Knowledge reference for national forest assessments - observations and measurements (annotated bibliography)
In this study, the authors present a set of height-diameter equations for 13 riparian tree species using data obtained from bottomland hardwood forests along the Mississippi, Missouri, Illinois, and Des Moines rivers. Nonlinear regression techniques are used to develop the equations. The resulting equations provide a reasonable means of predicting unknown tree heights, given DBH, for these species (from Abstract).
The prediction of the diameter distribution of a stand is of great interest to forest managers for the evaluation of forest resources and scheduling the future silvicultural treatments. This paper describes geostatistical approach for the prediction of diameter distributions. Use of this method make possible to estimate the diameter distribution at locations, where no secondary variables are measured.
The usual practice of measuring diameter at 4.5 feet (1.3 m) or DBH is meaningless in wetland tree species such as bald cypress (Taxodium distichum (L.) Rich.), due to the presence of fluted basal swells. Since buttress dimensions usually have no consistent relation to volume or form in the tree, the current practice among life-sciences professionals is to measure stem diameter 18 in (50 cm) above �pronounced� butt swelling. This measure is termed normal diameter (D,). This paper contrasts the use of six fixed-height diameter-measurement points ranging from 6 ft (1.8 m) to 11 ft (3.4 m) against D, (a variable-height measurement point) for predicting cubic volume.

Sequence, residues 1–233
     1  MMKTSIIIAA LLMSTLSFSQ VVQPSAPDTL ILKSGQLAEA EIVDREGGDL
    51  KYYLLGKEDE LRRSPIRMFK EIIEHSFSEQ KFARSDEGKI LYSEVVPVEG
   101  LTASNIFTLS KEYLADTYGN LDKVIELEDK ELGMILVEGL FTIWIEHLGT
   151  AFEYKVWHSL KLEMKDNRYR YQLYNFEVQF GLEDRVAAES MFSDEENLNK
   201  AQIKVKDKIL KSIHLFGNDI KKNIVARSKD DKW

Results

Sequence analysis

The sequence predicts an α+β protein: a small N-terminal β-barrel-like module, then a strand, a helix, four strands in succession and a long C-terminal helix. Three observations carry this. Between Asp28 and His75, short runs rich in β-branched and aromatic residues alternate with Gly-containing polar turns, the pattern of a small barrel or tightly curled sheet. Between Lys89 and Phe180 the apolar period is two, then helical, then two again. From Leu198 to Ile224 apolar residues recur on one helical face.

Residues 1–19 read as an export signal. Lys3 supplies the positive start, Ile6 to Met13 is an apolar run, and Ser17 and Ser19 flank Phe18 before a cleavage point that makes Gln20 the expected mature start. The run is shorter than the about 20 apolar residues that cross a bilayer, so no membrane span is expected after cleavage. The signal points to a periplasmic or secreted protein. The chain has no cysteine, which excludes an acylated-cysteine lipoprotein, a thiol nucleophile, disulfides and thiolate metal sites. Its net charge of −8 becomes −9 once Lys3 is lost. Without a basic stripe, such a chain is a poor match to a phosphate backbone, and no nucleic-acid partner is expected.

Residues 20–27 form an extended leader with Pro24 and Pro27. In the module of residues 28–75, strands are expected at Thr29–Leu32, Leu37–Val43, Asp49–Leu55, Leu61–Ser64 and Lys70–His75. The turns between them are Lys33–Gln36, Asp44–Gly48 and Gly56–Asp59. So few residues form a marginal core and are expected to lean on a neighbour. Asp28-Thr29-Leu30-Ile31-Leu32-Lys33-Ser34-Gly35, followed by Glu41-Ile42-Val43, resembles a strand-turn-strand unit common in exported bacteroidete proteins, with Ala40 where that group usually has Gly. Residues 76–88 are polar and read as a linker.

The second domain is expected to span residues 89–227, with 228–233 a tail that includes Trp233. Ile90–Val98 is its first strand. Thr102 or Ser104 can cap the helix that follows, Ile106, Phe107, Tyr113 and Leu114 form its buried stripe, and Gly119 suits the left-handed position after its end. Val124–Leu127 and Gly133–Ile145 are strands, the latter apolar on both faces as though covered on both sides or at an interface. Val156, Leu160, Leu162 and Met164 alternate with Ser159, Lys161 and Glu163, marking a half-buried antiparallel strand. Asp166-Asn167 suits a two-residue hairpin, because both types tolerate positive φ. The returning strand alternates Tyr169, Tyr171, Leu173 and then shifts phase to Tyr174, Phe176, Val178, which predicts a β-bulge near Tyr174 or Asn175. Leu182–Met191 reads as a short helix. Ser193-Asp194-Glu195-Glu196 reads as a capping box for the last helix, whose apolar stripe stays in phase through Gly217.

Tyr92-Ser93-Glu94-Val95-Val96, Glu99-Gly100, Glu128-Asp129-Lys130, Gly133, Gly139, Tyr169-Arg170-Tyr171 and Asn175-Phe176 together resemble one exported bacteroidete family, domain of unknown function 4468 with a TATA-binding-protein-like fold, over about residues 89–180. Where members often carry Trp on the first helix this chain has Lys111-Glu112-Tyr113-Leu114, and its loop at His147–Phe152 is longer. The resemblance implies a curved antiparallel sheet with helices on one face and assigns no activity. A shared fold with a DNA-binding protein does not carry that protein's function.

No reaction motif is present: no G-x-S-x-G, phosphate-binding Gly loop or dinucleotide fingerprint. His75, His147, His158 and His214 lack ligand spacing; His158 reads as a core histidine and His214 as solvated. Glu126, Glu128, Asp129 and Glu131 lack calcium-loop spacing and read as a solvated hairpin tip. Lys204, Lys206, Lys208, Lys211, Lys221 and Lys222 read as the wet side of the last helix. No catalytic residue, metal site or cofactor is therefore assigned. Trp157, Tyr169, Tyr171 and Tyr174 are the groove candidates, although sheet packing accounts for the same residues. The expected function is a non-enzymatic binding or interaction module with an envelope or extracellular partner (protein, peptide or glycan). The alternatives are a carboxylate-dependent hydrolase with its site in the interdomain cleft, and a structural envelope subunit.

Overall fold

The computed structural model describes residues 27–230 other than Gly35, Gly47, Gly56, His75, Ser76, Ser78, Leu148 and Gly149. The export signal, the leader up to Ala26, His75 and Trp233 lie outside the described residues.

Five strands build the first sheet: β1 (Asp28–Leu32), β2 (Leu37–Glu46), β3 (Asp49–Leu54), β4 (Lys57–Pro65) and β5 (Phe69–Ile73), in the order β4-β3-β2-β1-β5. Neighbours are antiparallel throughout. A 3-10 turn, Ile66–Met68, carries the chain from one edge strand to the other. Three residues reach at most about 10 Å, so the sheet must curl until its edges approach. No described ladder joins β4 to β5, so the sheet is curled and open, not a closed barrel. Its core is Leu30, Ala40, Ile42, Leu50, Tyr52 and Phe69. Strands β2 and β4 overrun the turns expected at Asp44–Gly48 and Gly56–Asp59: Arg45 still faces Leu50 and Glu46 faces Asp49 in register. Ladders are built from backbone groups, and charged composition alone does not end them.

Diameter and height relationship of the selected 6 coniferous species.
This paper illustrates the application of a mixture model to describe the bivariate diameter-height distribution of trees growing in a pure, uneven-aged beech forest. A mixture of two bivariate normal distributions is considered but the methodology is applicable to mixtures of other distributions. The model was fitted to diameter-height observations for 1242 beech trees in the protected forest Dreyberg (Solling, Germany). A second issue discussed in this paper is concerned with the general question of assessing the fit of models for bivariate data. It also shows how a device called �pseudo-residual� enables one to investigate the fit of a bivariate model in new ways and in considerable detail.